A living sacrifice is required of a beast or beasts (or servants, hireling etc if the player-characters are feeling particularly amoral) with a particular connection to the deceased (e.g. his horse, his hunting dogs etc) with a total ST equal to half the character's ST + EN (while he was alive). If there are no 'willing' sacrifices with an actual connection to the character then any large animal/monster may be substituted as long it reaches the ST requirements.
The ritual may then begin.
It lasts 2d6 hours (per attempt). A failure doesn't forfeit the spell, just means he must try again next round. As per the normal HOW rules, a failure to make the spell check normally means the wizard can simply try again (unless she fumbles).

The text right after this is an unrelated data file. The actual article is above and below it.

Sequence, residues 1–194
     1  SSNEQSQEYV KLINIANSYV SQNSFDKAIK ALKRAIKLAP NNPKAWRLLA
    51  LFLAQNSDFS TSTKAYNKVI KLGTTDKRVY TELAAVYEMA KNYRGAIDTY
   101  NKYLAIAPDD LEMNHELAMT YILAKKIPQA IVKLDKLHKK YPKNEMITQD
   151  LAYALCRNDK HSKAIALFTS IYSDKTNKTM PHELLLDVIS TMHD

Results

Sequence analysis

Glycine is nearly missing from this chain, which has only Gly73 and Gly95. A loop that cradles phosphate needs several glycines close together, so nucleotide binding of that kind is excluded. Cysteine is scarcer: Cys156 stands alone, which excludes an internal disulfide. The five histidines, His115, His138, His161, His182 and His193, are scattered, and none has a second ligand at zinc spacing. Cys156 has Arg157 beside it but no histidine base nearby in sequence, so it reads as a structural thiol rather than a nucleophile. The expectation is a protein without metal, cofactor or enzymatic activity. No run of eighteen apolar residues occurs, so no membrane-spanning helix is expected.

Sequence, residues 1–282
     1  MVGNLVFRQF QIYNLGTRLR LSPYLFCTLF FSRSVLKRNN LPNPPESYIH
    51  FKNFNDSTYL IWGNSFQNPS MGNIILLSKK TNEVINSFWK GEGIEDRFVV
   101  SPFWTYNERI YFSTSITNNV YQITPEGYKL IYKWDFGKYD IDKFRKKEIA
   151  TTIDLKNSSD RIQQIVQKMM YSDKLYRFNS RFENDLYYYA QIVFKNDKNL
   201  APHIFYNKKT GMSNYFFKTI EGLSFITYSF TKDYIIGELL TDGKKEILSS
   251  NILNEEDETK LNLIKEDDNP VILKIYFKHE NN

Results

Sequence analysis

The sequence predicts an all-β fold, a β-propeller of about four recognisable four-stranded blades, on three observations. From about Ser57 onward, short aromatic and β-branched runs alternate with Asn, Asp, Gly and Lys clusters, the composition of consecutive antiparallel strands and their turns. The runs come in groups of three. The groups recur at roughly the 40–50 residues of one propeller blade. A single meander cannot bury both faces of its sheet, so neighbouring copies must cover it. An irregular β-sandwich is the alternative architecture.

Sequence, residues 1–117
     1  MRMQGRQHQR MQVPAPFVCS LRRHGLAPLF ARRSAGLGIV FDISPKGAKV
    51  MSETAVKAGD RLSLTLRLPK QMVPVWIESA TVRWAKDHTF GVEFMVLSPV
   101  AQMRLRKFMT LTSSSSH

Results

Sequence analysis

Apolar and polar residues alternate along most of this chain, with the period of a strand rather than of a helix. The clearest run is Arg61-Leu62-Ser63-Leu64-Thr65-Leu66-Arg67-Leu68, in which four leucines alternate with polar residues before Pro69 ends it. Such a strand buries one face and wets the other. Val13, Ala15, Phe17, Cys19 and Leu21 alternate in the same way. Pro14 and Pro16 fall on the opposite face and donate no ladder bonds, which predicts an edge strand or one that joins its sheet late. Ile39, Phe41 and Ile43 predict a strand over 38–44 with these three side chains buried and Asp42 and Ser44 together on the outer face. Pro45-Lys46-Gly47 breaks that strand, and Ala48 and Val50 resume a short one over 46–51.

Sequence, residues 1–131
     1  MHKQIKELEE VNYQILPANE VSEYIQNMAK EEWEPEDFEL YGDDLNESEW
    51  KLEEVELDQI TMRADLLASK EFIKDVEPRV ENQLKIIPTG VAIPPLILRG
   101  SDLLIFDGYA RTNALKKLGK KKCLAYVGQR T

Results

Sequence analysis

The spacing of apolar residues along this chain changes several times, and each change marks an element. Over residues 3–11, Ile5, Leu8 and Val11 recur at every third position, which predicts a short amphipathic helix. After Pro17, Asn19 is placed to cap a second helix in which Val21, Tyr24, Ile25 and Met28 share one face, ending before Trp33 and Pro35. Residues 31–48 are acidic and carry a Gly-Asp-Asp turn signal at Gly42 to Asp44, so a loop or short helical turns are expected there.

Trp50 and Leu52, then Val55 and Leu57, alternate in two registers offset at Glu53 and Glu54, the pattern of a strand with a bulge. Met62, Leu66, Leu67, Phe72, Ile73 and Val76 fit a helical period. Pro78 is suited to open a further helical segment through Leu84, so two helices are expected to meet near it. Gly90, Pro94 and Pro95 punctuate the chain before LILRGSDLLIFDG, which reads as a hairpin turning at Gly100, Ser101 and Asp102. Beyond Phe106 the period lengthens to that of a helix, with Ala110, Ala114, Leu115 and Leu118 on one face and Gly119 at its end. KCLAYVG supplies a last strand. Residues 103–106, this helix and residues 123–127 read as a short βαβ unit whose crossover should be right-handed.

The DM needs to keep note of how many 'attempts' are required to complete the ritual.
At completion of the successful ritual, the formerly dead character is restored to life with a reduction in both his EN and IQ of a permanent minus one (-1 to EN and IQ).
However, the resurrected character must immediately make a STAT check of 3d6 against his new IQ (with IQ temporarily reduced by an additional minus one per attempt after the first that the ritual took to complete).
A failed check means the character has come back "not quite right" and must roll 2d6 against the chart below:
2. Character is a vegetable, with zero IQ, unable to move, think, communicate etc for himself. If unaided will eventually die (again) after 2d6 days.